La Bohème at the Los Angeles Opera was preceded by a very nice lecture. I did not write down the man's name. He talked about the literary source for the opera, Scènes de la vie de bohème by Henry Murger, and how Leoncavallo also wrote a La Bohème which Puccini stole the plot of. He told us that women with tuberculosis, especially when they appeared emaciated and close to death, were believed to be intensely sexual. Thus all the operas about them. He said Puccini tried very hard to make the story of Mimi not sound like Violetta. His examples were all from the recording with Jussi and Victoria.
I went for Ailyn Pérez, the soprano who sang Mimi. She sounds, looks, acts and phrases extremely well. So is she the next big thing? The answer is probably. Her singing is very high class, and her voice is gorgeous. I heard a lot more sotto voce than I like, but this can always be blamed on the coaches. Sing big, and ignore anyone who says not to.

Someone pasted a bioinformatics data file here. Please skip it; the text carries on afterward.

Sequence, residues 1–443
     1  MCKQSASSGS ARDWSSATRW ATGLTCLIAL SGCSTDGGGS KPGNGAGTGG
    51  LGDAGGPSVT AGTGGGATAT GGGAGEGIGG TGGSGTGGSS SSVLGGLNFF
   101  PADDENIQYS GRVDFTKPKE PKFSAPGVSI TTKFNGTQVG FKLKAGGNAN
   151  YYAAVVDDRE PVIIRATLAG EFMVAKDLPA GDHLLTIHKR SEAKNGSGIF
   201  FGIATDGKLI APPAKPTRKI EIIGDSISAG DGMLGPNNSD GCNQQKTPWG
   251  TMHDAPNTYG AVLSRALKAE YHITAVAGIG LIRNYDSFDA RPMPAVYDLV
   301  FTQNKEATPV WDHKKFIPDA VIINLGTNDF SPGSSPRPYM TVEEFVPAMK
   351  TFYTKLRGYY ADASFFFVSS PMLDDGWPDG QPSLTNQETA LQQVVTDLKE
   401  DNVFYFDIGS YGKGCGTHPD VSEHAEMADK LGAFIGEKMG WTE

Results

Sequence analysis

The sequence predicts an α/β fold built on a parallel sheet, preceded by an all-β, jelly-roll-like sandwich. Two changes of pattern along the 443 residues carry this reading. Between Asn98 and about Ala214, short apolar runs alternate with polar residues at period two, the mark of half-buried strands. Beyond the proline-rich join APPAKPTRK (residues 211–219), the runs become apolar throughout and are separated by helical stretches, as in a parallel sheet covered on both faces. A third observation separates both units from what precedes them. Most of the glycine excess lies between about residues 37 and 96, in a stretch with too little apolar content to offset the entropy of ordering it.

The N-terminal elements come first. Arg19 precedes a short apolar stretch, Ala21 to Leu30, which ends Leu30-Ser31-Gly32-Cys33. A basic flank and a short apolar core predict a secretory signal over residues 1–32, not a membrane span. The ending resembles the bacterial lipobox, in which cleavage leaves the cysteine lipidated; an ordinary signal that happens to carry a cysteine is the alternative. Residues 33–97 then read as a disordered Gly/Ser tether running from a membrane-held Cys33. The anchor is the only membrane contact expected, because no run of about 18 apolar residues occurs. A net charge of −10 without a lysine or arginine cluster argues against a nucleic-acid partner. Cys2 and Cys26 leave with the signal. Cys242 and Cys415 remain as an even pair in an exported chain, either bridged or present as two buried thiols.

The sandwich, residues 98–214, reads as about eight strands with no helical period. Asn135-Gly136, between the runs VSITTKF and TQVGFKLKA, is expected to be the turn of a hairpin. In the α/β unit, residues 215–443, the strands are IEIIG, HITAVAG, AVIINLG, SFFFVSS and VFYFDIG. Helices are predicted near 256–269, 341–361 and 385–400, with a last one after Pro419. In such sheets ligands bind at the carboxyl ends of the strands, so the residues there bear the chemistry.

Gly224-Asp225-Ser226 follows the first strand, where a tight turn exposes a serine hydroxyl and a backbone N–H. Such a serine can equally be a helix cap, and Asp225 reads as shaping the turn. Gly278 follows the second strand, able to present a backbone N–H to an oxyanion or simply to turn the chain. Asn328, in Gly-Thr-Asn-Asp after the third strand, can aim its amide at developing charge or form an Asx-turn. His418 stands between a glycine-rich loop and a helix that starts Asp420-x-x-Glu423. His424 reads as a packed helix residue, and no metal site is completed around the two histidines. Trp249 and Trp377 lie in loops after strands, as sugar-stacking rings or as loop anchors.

Other not insignificant people in the cast are her husband Stephen Costello and the Musetta Janai Brugger. Ailyn and Stephen are well matched as a singing couple. They both have the budding spinto sound everyone is looking for. They look and sound well together.
This was the most romantic La Bohème I have seen. When it comes time for "O soave fanciulla," they step out onto the roof overlooking the Eiffel Tower, and the house moves back to reveal a giant moon. This production feels the most like Paris of any I have seen.
Most outrageous is Musetta whose scene is dramatically enhanced to the point of slapstick. I loved it. Mimi died on her chord. Mimi dies when no one in the cast is paying any attention. Musetta brings in the muff, puts it on Mimi, and then turns back to talk to the others. What else could this chord possibly be? I hate it when the director doesn't know this.
I often get tired of seeing the same operas over and over, but this one was worth the trip.